The genius of Facebook—and one of the reasons it is worth more than $50 billion—is that it effortlessly collects huge volumes of information by offering people a place to socialize. Healthrageous, a startup in Cambridge, Massachusetts, thinks it may be possible to perform a similar feat in health care.
The company, launched in 2010 by physicians associated with Harvard Medical School, offers its users digital health-tracking devices including wireless pedometers, blood pressure monitors, and bathroom scales. Clients use the tools to gather data about themselves and upload it to a website where they can track progress toward goals, get wellness tips, and receive encouragement from friends, coworkers, and family members.
The startup is an offshoot of the small but growing “quantified self” movement, whose members believe that using sensors and recording gadgets to constantly collect data about themselves will lead to better choices about their health and behavior.
Companies such as Healthrageous are now testing whether self-tracking—for health or other reasons—can be sold as a larger-scale social experience to employers or the general public. And as with Facebook, says Healthrageous CEO and cofounder Rick Lee, data collected about user behavior may be “the most valuable asset in the company.”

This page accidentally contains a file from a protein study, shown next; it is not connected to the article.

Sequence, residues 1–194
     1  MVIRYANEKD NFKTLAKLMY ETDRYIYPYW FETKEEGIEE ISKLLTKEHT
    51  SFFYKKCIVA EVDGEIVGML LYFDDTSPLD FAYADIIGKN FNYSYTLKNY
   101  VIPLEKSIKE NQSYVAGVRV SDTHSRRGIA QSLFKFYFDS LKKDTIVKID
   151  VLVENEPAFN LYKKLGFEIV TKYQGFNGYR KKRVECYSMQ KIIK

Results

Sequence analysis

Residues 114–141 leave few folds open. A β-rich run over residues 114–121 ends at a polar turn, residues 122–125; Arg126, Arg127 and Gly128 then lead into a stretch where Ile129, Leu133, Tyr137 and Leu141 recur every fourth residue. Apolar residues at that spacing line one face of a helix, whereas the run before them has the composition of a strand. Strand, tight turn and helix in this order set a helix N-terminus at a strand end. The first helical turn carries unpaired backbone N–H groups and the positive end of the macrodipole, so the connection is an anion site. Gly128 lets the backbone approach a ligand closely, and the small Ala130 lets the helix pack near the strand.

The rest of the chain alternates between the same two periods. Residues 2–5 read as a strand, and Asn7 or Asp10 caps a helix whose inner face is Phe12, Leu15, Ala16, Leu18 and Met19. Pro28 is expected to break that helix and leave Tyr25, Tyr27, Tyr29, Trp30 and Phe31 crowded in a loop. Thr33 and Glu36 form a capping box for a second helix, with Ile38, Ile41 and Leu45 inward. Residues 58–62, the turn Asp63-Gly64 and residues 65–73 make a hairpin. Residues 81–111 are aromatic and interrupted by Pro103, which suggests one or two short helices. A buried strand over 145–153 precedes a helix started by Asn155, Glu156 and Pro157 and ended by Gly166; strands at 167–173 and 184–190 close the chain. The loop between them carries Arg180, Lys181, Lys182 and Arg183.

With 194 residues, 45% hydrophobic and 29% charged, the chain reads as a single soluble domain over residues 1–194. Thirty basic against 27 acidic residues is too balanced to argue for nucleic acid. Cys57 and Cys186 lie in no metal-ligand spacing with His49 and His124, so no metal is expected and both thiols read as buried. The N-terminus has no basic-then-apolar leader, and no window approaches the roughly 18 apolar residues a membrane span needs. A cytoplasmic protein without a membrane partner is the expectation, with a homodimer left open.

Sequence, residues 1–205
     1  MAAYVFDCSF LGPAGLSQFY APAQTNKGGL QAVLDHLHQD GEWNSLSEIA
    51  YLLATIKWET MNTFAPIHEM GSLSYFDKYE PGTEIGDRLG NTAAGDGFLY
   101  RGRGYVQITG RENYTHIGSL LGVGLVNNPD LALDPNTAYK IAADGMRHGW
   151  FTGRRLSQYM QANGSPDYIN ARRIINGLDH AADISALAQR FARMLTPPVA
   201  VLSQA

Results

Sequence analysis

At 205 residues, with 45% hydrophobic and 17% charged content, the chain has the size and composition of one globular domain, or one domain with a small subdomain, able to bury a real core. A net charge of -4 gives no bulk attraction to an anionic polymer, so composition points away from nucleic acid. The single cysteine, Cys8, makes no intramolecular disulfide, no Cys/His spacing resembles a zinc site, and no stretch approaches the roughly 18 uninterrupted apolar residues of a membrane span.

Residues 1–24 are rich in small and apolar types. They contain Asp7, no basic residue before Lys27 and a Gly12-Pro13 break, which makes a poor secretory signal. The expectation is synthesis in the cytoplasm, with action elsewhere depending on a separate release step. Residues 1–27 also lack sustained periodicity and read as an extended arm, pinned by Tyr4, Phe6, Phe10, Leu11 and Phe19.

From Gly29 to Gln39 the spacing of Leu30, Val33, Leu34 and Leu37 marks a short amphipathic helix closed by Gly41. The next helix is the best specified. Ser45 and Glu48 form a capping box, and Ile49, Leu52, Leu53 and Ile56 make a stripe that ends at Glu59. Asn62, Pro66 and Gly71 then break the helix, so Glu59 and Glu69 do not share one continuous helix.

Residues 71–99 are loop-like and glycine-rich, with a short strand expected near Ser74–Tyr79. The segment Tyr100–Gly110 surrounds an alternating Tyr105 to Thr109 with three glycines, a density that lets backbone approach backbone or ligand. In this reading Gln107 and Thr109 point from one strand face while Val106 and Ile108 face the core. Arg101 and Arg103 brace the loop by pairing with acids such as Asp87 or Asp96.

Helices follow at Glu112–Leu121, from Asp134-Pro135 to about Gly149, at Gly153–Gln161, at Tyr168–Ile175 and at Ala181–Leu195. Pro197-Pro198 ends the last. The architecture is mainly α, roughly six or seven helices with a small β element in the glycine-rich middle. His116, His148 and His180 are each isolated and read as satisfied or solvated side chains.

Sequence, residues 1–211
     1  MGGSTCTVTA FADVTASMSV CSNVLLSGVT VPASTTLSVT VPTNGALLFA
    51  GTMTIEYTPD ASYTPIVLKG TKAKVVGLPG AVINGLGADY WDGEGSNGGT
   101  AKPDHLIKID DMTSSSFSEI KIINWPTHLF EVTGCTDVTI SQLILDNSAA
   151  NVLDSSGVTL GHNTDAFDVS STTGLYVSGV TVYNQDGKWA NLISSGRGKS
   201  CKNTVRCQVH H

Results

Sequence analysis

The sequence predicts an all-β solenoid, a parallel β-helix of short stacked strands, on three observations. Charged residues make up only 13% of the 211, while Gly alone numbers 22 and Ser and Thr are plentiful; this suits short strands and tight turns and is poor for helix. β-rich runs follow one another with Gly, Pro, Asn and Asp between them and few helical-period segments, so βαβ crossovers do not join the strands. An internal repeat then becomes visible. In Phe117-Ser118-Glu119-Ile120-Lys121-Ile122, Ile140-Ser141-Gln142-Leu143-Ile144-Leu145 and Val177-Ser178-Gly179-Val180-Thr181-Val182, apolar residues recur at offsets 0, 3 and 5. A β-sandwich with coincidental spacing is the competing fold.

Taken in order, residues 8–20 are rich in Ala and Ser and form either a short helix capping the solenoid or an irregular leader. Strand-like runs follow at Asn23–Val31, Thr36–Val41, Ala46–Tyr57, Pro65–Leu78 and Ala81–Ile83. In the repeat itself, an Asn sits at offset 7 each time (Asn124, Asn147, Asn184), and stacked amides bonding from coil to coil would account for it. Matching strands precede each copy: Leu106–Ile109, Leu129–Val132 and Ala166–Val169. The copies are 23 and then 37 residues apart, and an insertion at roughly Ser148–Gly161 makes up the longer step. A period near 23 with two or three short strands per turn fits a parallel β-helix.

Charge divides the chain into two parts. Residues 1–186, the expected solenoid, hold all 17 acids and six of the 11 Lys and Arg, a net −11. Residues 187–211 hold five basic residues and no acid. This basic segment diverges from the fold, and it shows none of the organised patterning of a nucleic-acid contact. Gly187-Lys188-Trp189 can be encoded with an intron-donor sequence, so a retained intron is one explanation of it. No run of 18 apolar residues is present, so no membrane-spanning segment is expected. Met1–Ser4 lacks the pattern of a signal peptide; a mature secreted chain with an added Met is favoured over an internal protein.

“When you start to do large data crunches with different variables and human characteristics, you get some interesting data that would be fascinating in the hands of pharmaceutical researchers looking to develop new drugs,” he says.
It’s not yet clear how big a business self-quantification will turn out to be. Nike tapped into a large market with its wireless pedometers (which relay data from a running shoe to an iPod); many other firms are attempting to build communities through games or free apps to track health problems, although most still have relatively few users.
“Anyone who can code software can write a self-quantification app; the question is who can move the world and change business with it,” says Paul Wicks, head of research and development for PatientsLikeMe, a site where 115,000 patients with serious illnesses now track their symptoms and medications.
Healthrageous grew out of a 2008 study by researchers at the Center for Connected Health, a division of Partners HealthCare, that focused on people with hypertension who worked for the computing company EMC. These employees were asked to keep track of their blood pressure at home, and participants got feedback on their progress. The program proved so successful at lowering blood pressure that an independent reviewer estimated a three-to-one financial return, predicting that some EMC staffers would avoid heart attacks and strokes as a result of feedback they received.
On the basis of that success, the center’s director, Joseph Kvedar, decided to commercialize the technology. It consists of an interactive software platform that collects data from wireless health-tracking sensors such as pedometers and glucose monitors. The information is uploaded to Healthrageous’s website, where it is then analyzed and returned to the user via smart phone within a few seconds.